Violent offenses are considered to be those where a gun or knife is alleged to have been used against a victim. Violent offenses also include those where a person has suffered some kind of physical injury. Such offenses are generally charged as felony offenses by prosecutors. These kinds of offenses expose the accused to potential prison time. It is important to understand the charges and the sentence exposure to ensure the best decisions are made about a case.
Arizona has a class system of felony offenses ranging from two to six. A class two felony exposes a person to the most punishment while a class six exposes a person to the least punishment. Some charges contain “allegations.” These are stapled to the indictment or charge sheet and they function to make prison exposure longer. Allegations can be that a deadly weapon or dangerous instrument was used in the commission of the offense-think gun or knife. If a person is convicted of a dangerous nature crime and the allegation is either admitted to or proven to a jury, then there is more prison time to serve than if the allegation did not exist.
There are other allegations. If a person is alleged to have been ” on release,” that is, the person is pending another felony matter and is accused of committing the latest offense without having the earlier one resolved is exposed to more prison time. Generally, two years more is what the law provides if the allegation is proven or admitted.
Being on probation or on parole is something that can also be alleged and expose a person to more prison time. Prior felony convictions can also be alleged in allegations and expose a person to more prison time.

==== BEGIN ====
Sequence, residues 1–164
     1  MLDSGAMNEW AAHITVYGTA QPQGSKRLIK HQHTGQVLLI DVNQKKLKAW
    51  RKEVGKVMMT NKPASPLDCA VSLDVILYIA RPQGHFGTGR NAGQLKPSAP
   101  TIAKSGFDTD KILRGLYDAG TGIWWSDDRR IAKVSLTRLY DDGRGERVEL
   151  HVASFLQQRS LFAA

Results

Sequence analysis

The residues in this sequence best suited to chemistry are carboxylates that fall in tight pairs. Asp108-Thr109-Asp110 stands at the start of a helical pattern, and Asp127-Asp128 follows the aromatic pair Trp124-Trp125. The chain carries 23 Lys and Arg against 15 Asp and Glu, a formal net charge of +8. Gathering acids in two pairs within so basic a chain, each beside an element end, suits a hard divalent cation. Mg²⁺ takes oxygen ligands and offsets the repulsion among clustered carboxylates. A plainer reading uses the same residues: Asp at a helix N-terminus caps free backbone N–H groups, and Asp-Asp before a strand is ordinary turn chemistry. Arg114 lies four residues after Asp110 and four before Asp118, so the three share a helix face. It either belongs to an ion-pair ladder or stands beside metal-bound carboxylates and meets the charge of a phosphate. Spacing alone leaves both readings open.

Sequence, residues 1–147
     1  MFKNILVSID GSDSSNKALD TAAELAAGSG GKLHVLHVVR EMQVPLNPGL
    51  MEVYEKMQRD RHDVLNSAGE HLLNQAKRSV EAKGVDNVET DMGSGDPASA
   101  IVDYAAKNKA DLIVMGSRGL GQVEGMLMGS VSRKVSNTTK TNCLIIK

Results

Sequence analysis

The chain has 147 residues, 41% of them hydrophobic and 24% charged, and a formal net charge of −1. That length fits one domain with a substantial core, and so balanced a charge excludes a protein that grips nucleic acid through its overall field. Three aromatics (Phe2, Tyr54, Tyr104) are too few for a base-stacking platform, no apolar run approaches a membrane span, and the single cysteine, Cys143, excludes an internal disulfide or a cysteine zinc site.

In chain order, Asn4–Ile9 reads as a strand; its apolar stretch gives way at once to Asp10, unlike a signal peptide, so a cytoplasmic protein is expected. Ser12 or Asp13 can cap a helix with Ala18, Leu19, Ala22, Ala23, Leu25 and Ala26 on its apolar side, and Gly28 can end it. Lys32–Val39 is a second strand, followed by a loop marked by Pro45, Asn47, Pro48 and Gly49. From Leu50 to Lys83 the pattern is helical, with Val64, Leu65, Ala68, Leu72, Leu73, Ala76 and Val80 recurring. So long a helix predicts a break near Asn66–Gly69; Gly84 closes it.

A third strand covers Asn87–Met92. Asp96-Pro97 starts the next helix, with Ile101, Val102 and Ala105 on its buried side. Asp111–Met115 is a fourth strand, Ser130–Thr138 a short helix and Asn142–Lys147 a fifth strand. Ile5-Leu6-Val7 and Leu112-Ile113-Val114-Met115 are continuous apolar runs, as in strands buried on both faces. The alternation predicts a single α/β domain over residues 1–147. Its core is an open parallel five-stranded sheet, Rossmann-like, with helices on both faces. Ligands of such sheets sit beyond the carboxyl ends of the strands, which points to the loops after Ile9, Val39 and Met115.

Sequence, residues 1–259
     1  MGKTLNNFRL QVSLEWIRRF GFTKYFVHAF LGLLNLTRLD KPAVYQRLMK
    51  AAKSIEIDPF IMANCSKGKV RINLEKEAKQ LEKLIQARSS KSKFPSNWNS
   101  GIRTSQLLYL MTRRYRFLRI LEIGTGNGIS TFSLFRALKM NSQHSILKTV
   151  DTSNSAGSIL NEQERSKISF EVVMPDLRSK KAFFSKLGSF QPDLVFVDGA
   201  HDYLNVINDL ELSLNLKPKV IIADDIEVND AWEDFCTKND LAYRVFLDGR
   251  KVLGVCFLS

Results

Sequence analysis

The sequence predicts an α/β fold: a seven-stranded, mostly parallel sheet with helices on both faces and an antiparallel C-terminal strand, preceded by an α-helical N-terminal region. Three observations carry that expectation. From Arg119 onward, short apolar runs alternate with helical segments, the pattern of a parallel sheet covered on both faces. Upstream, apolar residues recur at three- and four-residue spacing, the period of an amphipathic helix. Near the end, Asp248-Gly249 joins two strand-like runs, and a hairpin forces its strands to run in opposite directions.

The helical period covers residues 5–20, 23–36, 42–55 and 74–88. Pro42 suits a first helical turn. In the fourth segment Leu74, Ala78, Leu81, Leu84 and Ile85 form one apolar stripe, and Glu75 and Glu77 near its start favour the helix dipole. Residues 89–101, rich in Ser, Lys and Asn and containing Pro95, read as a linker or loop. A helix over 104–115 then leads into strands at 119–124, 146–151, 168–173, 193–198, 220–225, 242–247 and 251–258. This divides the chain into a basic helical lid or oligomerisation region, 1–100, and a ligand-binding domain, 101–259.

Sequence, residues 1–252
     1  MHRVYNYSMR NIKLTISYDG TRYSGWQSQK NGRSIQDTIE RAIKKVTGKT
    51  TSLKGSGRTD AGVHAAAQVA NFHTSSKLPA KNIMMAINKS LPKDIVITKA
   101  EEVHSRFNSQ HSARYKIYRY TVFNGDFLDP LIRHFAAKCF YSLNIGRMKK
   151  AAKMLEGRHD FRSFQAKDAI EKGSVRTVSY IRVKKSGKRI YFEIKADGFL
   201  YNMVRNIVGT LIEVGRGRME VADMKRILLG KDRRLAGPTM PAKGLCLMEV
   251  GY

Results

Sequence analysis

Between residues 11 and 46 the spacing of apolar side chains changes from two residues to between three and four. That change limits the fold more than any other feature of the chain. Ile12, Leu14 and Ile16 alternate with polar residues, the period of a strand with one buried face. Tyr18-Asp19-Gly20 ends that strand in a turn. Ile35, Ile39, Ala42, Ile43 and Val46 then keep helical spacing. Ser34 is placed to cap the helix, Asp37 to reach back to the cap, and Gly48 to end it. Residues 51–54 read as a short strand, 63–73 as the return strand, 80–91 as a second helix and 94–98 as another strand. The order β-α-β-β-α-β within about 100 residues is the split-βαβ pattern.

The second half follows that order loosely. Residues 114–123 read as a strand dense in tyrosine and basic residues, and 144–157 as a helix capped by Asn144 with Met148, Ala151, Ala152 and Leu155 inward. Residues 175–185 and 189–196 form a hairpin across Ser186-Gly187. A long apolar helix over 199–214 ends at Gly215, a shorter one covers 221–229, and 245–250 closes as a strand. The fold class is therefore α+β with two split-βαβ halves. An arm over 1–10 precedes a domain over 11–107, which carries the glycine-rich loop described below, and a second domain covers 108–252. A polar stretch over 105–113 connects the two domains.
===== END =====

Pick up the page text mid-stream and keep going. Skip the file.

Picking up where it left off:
Prison and jail are different. Prison is the Arizona Department of Corrections and there are facilities all over the state. Jail is the Pima County Jail and there is only one.
How do violent offenses get charged? Who picks what to charge a person with? The prosecutor decides in the first instance. The criminal justice process should not be a mystery to anyone. A person is accused of committing a felony offense and the police or sheriff arrests him or her. The decision to arrest and charge is then reviewed by the prosecutor. This is called “issuing.” The prosecutor meets with the cop and they discuss what they know. They may not have the whole story. Most of the time they don’t have the whole story. No matter, the prosecutor alone gets to determine if they want to take the case farther or simply dismiss it. It helps to have an attorney who can communicate with the prosecutor at this early stage and try to get the charges dismissed or at least make an attempt to shape the charges. If the prosecutor decides that there is enough to move forward and there is a “substantial likelihood of conviction at trial,” the prosecutor has a choice in the next step.
The law provides that a felony case must be reviewed by a neutral entity. Think of this as a screening process to see if there is enough to move the case to the trial court or not. Neutral entities can be magistrate judges or a grand jury. If the case is to be heard by a magistrate then a preliminary hearing is conducted. If the case is to be heard by the grand jury. These are critical and complex legal proceedings. An accused person has many rights at these hearings and they should be informed about all of them so rights can be preserved and every effort can be made to ensure the best result.
No matter what type of charge you are accused of, you can be certain that attorney Altschuler has the skill and knowledge to defend you. In addition to defense against assault and all related charges, attorney Altschuler can defend against all other misdemeanor and felony violent criminal charges, including:
- Armed robbery
- Aggravated robbery